Now that he did not have to shelve out money from his pockets, Vidya’s father did not have any objection to Vidya continuing her studies until she got married. However, her mother was very weak. Doctor had advised her knee replacement. But her father was unwilling to pay the hefty amount for the expensive surgery. As a result Vidya had to fill in for her mother in the kitchen. She had to tend to the buffaloes and do all the chores which her mother did. 

Vidya entered the gates of the law college. She always wanted to become a lawyer. But the biggest hurdle was the medium of instruction. She had studied in Marathi up to 12th standard and she had problems comprehending English. She drilled the legal terms while she carried baskets of cow dung from the cattle shed. The first year exams were over. Vidya waited for the results. She had nightmares of marrying an old man who treated her exactly the same way her father treated her mother. During day time her job as a receptionist ensured that she was busy. But in the nights she would worry about her results. Finally the results were out. Vidya had failed in two subjects. That night she cried all the night.

She had collected money for education through her job as a receptionist. However now that she had failed her father strongly opposed her studies and asked her to sit at home. Vidya continued with her job as a receptionist. She befriended her class mates who had now gone to the higher class. She went to their homes. She asked for their help in studies which they graciously offered. They even gave her the subject notes which they had prepared. Vidya appeared again for the examination and this time she passed. 

Vidya's five year law course was not a bed of roses. Her mother's illness, her father's tantrums and need to self-fund her education ensured that she did not attend her college regularly. As a result she failed in almost every year. But she reappeared and passed the examinations. She was no more marriageable. Her age was advancing, her face had blemishes and she was studying law. Everybody from her community wanted a young, beautiful, homely girl. Her father had to get rid of his other responsibilities. So Vidya's younger sister was married off.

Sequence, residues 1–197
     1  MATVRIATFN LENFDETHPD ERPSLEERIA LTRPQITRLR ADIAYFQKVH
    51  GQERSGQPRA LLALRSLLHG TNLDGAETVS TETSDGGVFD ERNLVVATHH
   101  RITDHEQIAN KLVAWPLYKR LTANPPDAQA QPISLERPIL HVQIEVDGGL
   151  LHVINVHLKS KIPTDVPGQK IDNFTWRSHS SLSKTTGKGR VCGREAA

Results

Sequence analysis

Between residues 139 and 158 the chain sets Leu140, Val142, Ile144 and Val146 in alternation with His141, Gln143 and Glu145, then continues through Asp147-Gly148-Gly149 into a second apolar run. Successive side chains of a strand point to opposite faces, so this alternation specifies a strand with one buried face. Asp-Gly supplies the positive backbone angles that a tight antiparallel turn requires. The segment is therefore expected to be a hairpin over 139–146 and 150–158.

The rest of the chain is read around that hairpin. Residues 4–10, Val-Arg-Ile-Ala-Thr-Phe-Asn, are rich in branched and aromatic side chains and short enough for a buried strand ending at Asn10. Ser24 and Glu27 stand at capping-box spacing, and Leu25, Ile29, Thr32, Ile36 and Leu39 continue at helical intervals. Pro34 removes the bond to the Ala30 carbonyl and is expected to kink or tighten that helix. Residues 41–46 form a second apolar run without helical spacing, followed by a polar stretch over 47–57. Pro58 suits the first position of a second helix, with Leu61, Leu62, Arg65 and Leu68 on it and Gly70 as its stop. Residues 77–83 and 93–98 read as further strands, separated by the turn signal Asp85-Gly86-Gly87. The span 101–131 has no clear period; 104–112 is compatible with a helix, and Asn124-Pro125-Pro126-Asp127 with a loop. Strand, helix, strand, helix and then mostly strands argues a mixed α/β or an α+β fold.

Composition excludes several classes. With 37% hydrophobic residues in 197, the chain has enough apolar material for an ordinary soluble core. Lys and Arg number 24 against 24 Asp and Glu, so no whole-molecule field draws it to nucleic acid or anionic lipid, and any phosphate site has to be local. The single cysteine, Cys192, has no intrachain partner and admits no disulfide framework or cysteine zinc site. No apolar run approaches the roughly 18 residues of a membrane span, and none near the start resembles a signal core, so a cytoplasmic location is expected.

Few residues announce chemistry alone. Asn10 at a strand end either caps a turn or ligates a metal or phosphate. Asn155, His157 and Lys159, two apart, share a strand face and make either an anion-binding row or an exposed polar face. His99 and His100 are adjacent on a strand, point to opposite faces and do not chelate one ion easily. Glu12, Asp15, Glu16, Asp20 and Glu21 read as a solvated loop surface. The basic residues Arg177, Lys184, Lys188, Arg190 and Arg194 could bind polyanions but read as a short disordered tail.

Finally Vidya became a lawyer. She went to the court wearing a coat which she had purchased from her own money. That was a very proud moment for her. On her return her father asked how much money she had made. She replied none. She and her father did not know that there is a gestation period of few years in the legal profession for a newbie to earn money. 

Vidya meticulously learnt the niceties of the court functioning. She worked very hard. But it was very difficult for a woman to stand in a small town. Her father would demand her monthly lodging and boarding charges. As she was unable to pay it there was no relief from household chores. Her mother fell down in the bathroom and broke her hip. She was bedridden. She soiled her bed and Vidya cleaned it. Vidya had to take a break for few months to look after her mother. 

Her brother got married and Vidya was partially relieved of her domestic duties. She was contemplating moving to a big city in search of better prospects. She had applied at few law firms. But soon her sister-in-law left to her maternal house to give birth to her first child. At the same time even Vidya's sister came for her first delivery. Again Vidya was overburdened with domestic duties. The tiny toddlers brought lot of happiness into her life. She forgot her struggles with the smiles on their radiant faces. After three months the sister-in-law returned and took up the charge of kitchen.

Vidya determined to make her mark in the legal profession went to Pune. Currently she is practising as an advocate at Pune. She handles family matters. She fights for seeking justice to poor women who are victims of domestic violence. She says it is Krishna who gave her all the courage to fight battles of life. Salute to this real life Mardani!

This is written as a part of I am Mardaani activity exclusively at BlogAdda.com for Indian Bloggers.